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IRAN: Internet access, text-messaging service down as 22 Bahman protests approach

In the last week, Internet connections across Iran have slowed to a crawl, with sources in Tehran reporting that, when service is available at all, it is so slow that checking e-mail is nearly impossible. 

After connections worsened, Iran's communications minister, Reza Taghipour, told a state broadcaster (via Agence France-Presse): "The cause of the reduced service in recent days is that part of the fiber-optic network is damaged." The minister asserted that the damage to an undersea cable was due to shipping traffic and anchoring. As for the concurrent slowing of text-messaging service, Taghipour attributed the disruption to "changing software."

Given the Tehran government's recent history of Internet censorship and the vital role of social media and texting to the opposition movement, the disruption seems less than coincidental as Thursday's 22 Bahman holiday is expected to be an occasion of massive anti-regime protests. Taghipour did little to dismiss such suspicions by stating that "the breakage will be repaired by next week and the Internet speed will be back to normal," conveniently right after the planned protests. 

-- Daniel Siegal for LATimesWorld


A complete rundown of the upcoming 22 Bahman protests

Photo: In this June 11, 2009, photo, an Iranian woman who declined to give her name uses a computer at an Internet cafe in northern Tehran. Credit: Ben Curtis / Associated Press

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Paul Joseph Watson
Monday, February 8, 2010
With influential proponents recently calling for a newly regulated world wide web, we got a preview of how that might look this past weekend after both and Prison were completely blocked to many Internet users in New Zealand.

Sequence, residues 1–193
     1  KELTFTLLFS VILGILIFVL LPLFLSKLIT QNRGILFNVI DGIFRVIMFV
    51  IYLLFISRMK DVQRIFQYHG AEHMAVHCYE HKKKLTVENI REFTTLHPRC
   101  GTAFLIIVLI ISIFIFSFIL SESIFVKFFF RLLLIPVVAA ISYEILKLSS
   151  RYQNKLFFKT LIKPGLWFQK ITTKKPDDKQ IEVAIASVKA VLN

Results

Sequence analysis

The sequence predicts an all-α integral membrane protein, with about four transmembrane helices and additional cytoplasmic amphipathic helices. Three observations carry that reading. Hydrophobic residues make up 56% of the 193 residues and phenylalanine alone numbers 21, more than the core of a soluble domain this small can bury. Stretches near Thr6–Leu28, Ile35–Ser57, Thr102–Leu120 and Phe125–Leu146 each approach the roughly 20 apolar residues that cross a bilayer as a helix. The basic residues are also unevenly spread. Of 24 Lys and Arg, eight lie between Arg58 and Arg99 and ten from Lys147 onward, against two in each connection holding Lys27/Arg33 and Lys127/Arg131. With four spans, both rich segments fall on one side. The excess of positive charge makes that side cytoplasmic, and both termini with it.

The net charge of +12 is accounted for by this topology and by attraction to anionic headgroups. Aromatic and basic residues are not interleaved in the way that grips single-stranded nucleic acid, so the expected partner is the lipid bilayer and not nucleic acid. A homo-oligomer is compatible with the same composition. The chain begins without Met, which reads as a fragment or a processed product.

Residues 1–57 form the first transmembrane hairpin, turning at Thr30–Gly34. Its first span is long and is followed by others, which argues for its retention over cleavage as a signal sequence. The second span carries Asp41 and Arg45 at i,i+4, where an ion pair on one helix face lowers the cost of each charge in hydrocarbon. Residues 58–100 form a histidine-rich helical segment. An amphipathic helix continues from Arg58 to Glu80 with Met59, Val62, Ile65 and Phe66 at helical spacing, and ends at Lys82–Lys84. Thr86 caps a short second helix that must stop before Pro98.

The block was only removed early this morning following a raft of complaints after both websites were unavailable on many ISP’s since Friday.
As the New Zealand based InfoNews website reported yesterday, both of Alex Jones’ flagship websites were blocked by ISPs using Asia Netcom for their international internet traffic.
It is important to stress that we receive emails on a weekly basis informing us that our websites have been blocked as “hate speech” or “offensive material” at Internet cafes, libraries, transport hubs, workplaces, and numerous other buildings not only in the United States but across the world. The censorship is being done at the ISP level, so whereas some people in a particular country will still have access, others will be blocked. Protest for your right to free speech! Should elitists succeed in taking away your free speech – you will have nothing that is worth anything in your or your families life! Check out what Government is doing behind your back at:


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